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Thursday, August 15, 2013

Rounder Than The O, parts 1956 - 1959

 1956. Pietro, being by nature upright and honest, took it ill that the prior should distrust him, and thought how he could shame him out of it. So he took a basin of water, and setting himself to his work, for every two brushfuls that he took he washed his brush in the basin, so that there was more color left in the water than he put into his work. The prior, seeing his bag of color getting empty, and the picture not getting on, kept saying, “Oh, how much ultramarine that plaster consumes!”



1957. But when the prior was gone, Pietro collected the ultramarine that was at the bottom of the basin; and when the time seemed to him to be come, he gave it back to the prior, saying, “Father, this is yours; learn to trust honest men who never deceive those who trust in them, but know how to deceive, when they choose, suspicious men like you.”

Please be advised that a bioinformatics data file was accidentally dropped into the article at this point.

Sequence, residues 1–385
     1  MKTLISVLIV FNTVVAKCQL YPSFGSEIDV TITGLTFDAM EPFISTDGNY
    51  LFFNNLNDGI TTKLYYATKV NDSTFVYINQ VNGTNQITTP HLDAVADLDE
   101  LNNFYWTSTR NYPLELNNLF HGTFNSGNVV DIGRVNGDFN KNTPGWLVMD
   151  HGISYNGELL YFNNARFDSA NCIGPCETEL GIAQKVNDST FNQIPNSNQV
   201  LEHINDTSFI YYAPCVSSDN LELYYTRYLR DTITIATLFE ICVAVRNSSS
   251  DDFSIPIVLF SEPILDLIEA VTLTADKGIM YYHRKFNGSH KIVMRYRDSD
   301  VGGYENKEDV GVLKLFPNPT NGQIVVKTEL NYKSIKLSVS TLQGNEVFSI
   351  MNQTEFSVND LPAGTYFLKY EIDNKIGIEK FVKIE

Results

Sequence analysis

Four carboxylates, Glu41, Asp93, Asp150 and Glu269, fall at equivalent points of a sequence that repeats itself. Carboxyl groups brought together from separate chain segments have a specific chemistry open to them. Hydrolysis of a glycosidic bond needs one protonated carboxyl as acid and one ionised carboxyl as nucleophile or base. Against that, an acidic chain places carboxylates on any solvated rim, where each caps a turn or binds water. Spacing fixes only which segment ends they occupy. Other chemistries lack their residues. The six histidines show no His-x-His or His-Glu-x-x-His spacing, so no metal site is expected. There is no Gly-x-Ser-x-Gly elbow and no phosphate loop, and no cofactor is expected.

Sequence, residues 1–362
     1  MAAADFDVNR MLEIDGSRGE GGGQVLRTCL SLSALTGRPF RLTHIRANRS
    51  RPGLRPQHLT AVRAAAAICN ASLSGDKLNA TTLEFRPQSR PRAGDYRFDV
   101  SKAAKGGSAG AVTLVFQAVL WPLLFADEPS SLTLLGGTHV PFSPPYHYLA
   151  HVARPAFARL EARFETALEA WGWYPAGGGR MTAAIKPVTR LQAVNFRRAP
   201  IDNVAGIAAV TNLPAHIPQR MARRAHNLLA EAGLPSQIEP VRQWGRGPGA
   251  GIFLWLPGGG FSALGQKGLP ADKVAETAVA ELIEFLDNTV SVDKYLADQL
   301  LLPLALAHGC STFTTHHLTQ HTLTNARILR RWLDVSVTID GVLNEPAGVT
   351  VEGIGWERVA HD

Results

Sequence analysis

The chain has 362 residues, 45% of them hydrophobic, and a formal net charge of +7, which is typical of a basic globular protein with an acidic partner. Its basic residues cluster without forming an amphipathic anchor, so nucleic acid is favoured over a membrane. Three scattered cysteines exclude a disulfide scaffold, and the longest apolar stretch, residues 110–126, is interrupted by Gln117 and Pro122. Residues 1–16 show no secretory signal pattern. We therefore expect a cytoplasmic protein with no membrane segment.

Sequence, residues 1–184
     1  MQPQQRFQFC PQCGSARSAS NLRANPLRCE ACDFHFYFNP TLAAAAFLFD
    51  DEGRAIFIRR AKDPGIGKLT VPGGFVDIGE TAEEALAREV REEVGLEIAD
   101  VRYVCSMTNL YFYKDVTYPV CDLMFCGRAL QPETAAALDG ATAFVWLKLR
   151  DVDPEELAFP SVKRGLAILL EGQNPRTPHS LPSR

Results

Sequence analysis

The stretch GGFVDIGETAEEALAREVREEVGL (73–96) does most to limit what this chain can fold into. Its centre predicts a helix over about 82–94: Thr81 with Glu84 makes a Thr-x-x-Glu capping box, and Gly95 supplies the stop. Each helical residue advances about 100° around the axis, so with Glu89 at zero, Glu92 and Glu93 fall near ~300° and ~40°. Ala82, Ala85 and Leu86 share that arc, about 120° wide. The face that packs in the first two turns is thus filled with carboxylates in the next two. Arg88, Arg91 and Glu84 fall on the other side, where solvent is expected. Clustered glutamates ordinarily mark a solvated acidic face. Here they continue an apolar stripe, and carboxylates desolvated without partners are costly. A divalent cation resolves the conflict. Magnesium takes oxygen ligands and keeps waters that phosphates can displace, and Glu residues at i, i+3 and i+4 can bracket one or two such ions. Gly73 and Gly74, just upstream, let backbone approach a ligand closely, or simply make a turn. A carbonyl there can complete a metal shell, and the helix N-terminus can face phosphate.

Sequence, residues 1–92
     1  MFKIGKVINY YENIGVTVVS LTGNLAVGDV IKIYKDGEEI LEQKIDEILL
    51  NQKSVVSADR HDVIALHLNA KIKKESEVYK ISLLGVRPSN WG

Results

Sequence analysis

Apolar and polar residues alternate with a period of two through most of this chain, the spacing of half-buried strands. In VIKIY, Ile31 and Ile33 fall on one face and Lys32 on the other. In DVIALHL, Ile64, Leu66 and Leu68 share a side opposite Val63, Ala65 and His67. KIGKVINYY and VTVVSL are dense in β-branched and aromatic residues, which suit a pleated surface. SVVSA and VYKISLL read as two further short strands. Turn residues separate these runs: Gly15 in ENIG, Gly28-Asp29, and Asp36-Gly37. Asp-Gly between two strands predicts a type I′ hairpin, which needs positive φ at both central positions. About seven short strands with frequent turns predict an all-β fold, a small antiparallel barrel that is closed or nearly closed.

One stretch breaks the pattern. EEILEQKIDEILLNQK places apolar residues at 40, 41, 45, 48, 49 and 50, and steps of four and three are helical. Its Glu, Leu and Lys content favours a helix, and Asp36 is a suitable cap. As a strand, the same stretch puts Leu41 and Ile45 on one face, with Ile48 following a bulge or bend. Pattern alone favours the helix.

1958. This is just one of hundreds of such stories in which an artist makes a fool of a simpleminded prior, and perhaps these stories, all of them, make us aware of what life was like for these enormously inventive and creative artists forced to bend all of their talents and skills to the pleasure of men who actually understood nothing about the art they were inspired somehow to commission.



1959. The above store of the ultramarine blue also reminds us that, here also we see Vasari the artist, pointing out that the artist, who spends his life wordlessly manipulating materials, knows things that the prior could not know or even imagine. The artist knows that the pigment can be retrieved from the water, and so he can steal the pigment right before the watchful eyes of his employer.

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